For every person who experiences a gambling problem, up to six others are affected. Families can be impacted by a loved one’s gambling. Gambling can have social, physical and financial impacts on the person who gambles and those around them.
Your focus may be on the person who has a gambling problem, but the distress that you experience can be profound. It’s important that you look after yourself. You deserve attention and support to help you cope with the situation and to be able to support your loved one.
To help yourself, you could try:
- talking to a family or friend about your situation
- planning fun activities – such as outings with friends or regular walks, even if you don’t feel like it
- self-reflection – thinking about your emotions will allow you to manage them better
- meditation and mindfulness – it can help overcome emotional strain
- evaluating whether you need to separate your finances – to protect yourself and the person you care about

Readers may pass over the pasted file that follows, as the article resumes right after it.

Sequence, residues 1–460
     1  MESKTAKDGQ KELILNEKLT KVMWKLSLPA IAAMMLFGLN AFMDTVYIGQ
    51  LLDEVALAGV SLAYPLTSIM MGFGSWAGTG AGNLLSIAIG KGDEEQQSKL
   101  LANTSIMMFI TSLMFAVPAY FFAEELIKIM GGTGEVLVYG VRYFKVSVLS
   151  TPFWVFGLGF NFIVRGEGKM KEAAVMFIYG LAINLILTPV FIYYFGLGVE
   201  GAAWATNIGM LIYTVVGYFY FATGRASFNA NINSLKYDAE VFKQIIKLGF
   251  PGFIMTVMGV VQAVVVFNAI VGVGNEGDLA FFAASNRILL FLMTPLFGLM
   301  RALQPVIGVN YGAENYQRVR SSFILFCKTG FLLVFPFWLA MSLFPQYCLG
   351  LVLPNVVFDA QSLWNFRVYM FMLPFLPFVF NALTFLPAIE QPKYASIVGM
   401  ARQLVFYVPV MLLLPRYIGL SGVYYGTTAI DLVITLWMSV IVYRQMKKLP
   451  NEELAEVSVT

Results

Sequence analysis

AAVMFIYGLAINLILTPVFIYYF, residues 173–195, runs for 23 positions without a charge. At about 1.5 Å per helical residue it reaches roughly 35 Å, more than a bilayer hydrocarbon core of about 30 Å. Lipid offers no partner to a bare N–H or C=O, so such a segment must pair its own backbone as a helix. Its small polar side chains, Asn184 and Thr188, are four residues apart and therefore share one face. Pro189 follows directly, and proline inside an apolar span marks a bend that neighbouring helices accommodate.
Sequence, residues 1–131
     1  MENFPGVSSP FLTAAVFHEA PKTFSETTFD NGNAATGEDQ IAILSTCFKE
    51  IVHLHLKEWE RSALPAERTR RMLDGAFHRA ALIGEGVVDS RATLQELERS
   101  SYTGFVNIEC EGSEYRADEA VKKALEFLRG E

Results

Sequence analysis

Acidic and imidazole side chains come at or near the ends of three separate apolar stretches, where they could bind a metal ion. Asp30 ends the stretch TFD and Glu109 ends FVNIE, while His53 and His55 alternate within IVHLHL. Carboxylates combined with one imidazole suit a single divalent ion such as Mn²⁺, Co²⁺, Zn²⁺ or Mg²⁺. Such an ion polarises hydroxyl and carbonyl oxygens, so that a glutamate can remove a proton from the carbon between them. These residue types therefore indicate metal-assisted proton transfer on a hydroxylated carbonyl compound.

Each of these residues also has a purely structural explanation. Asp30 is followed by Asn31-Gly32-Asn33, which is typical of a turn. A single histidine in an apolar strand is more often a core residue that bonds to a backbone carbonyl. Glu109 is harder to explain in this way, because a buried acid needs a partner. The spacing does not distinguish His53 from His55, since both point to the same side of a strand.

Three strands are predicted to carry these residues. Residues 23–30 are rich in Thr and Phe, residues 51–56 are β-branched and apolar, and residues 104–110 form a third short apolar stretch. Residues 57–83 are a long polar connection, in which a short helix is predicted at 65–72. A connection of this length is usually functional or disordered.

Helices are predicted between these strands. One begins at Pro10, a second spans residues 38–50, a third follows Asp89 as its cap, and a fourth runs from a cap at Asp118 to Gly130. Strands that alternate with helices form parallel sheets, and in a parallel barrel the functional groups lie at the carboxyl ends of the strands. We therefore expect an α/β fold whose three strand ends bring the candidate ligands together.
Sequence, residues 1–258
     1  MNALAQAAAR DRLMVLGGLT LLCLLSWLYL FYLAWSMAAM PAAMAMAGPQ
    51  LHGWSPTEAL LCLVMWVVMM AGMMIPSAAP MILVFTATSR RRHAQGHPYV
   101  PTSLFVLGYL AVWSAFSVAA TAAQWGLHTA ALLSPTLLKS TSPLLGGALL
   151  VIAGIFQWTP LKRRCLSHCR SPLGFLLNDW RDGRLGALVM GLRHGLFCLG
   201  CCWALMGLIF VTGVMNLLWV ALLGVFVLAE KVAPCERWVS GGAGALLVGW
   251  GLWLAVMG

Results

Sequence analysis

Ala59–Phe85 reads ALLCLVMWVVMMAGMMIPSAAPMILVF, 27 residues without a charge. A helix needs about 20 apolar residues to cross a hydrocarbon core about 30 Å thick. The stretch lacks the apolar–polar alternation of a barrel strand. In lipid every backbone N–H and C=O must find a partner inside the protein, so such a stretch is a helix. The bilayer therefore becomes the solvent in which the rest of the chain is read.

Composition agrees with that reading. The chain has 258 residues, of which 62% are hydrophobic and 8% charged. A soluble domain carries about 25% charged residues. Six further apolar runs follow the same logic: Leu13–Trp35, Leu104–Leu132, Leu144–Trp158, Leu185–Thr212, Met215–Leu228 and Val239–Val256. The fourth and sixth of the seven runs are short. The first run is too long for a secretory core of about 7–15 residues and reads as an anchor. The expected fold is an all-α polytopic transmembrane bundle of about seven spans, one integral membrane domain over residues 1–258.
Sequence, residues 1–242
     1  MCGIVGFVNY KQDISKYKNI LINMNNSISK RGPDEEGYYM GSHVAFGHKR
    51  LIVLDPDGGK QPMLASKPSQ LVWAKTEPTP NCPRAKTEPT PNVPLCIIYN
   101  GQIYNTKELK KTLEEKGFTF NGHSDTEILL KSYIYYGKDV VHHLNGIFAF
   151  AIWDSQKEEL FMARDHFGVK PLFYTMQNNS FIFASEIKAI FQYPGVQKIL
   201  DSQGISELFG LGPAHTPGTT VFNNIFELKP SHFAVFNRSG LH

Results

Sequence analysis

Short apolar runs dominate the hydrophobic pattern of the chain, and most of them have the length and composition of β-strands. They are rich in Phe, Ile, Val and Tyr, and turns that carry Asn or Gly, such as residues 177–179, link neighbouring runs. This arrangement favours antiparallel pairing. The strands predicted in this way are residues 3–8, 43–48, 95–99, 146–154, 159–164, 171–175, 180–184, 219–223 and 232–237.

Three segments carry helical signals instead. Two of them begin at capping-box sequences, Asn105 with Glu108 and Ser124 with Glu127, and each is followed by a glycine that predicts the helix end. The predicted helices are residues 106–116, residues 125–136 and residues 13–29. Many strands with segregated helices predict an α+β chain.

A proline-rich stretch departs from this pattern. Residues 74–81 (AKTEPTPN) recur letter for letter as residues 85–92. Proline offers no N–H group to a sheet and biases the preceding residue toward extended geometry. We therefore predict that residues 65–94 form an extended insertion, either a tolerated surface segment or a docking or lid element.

- exercising regularly to manage stress
- seeking free and confidential professional support through Gambling Help.
If you have ever felt threatened or unsafe, or if you are concerned about the welfare of children affected by a parent’s gambling, it’s important that you know that there is support available. Call the domestic violence line on 1800 65 64 63 or Gambling Help on 1800 858 858.
Family and friends are a great place to go for emotional support. They can lend a sympathetic ear and practical support.
Professional guidance also has advantages. Some people find that because they don’t personally know their counsellor it’s easier to be open and honest. Professional counsellors are trained to give you advice based on research and can provide you with practical information on how to help yourself and your loved one.
Call Gambling Help NSW for free and confidential counselling on 1800 858 858 and download ‘Problem Gambling: A Guide for Family and Friends’ which will give you practical advice on how to help yourself and your loved one.